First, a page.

ROBERT HAM: We have several hopes with our film. First and foremost we want to get our film funded, surround ourselves with the best creative team for our budget and make an emotional and powerful short film that causes lasting and measurable change. From there, we hit film festivals and continue to bring awareness to the plight of Afghan/Iraqi interpreters working in conflict zones. Our long term goal is to use this short film to make a feature film that is currently being written by Jenna under the consultation of a highly-specialized development team consisting of the founders of No One Left Behind, InterpretAmerica, USC's Media Institute for Social Change, and select soldiers whose stories will be incorporated into our final screenplay. We also intend to affect lawmakers and change policy to help these interpreters get their visas to America in a timely manner.

 

INTERPRETAMERICA: Can you tell us a little about your production team?

ROBERT HAM: I will be directing the film. I am a two-time Emmy winning filmmaker and former Army combat documentarian. I have also earned 3 DOD Military Videographer of the Year awards during my service. I am now a freelance director and editor in Los Angeles finishing my MFA in Film at USC.

Michael Taylor, our executive producer, is an Emmy winning Producer who has produced several major motion pictures including Instinct, Phenomenon and Bottle Rocket. Michael is the Executive Director of USC's Media Institute for Social Change and was the chair of USC's acclaimed film school for a decade.

Jenna Cavelle our producer/writer is an award-winning Journalist, Activist and Filmmaker. Jenna is also finishing her MFA in Film at USC and has produced several award winning films with a focus on social change and marginalized communities. Jenna has worked with the State Department as a Critical Language Scholar in Indonesia, where she lived with an Islamic family and learned to speak Indonesian fluently while publishing her undergraduate thesis research at UC Berkeley. She has worked with interpreters and even as an interpreter in a predominantly Islamic country, so she gets it.

We also have a great team of cultural and military advisors with a long list of credits between them including American Sniper, Iron Man, and Rock the Kasbah.

 

INTERPRETAMERICA: “The Interpreter” is inspired by real events. How did you do your research for the film?

ROBERT HAM:The basis of the film is my relationship with my interpreter but Jenna and I did a lot of research from other interpreters’ experiences and harnessed those stories as well.

Jenna and I were also very moved by a Vice documentary on the subject and the John Oliver piece that came out last December. Much of our statistical information on the plight of interpreters came from that media and we continue to collaborate with No One Left Behind, a 501c3 nonprofit organization working on behalf of interpreters from Afghanistan and Iraq, and InterpretAmerica to raise the profile of interpreters worldwide.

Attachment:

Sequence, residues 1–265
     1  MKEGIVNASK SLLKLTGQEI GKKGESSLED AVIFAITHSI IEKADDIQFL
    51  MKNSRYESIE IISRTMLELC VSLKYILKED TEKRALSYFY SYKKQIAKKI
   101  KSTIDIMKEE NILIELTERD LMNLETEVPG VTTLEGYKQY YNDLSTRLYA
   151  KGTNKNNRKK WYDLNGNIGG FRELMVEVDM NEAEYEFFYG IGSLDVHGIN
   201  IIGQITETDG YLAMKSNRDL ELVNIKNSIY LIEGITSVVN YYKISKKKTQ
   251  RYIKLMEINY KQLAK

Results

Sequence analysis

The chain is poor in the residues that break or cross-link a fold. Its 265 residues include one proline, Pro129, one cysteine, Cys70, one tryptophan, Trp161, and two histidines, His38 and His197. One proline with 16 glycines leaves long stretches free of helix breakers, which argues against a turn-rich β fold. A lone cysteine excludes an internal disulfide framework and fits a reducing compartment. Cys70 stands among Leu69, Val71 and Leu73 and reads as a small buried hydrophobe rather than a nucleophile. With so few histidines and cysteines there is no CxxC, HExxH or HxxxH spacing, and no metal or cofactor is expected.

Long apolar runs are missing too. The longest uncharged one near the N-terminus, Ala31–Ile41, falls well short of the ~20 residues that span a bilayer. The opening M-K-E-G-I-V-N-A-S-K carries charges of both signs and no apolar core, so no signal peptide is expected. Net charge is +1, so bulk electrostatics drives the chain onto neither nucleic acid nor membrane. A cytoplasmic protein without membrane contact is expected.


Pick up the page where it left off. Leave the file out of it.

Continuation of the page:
INTERPRETAMERICA: Why should interpreters—and the language enterprise in general—support your film?

ROBERT HAM: I truly believe film can change people's perspectives and can ultimately change the world. One of our team’s hopes for this film is to not only show the importance of this one interpreter but of the many interpreters in conflict zones whose fate hangs in the balance. The importance of interpreters can never be understated, we could not make any progress in any of our conflicts around the world without interpreters, period. They are literally our eyes and ears, and a promise is a promise.

 

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INTERPRETAMERICA: How can individual interpreters and others do to support the film?

ROBERT HAM: They can support us by contributing to our Kickstarter campaign. Any amount helps. They can also tell their friends and colleagues about the project and invite them to support it as well. Our goal is to produce a high-quality film that will have a positive impact and draw attention to this important issue.

 

INTERPRETAMERICA: Last question, where will interpreters be able to see your film once it has been released?

ROBERT HAM: Kickstarter backers will have a password protected version available for web viewing. We will also enter the film festival circuit with the hopes of securing distribution and beginning serious discussions with investors for the feature film which is currently being developed and written.  All of our partners, advocating on behalf of Interpreters, will also hold private screenings and continue to raise funds on behalf of interpreters trying to get their SIVs and transition to life in the U.S.

 

INTERPRETAMERICA: Thanks for your time, Robert. We are honored to partner with you and your team to tell this story.

ROBERT HAM: Thank you. We are grateful for your support and look forward with InterpretAmerica on this project.

Now we need your help. Please make a contribution to the Kickstarter campaign by clicking below. Then spread the word and encourage your friends and colleagues to do the same.

Make a Contribution Now THE INTERPRETER

 

Topics: interpreting, translation, conflict zone interpreting, military interpreting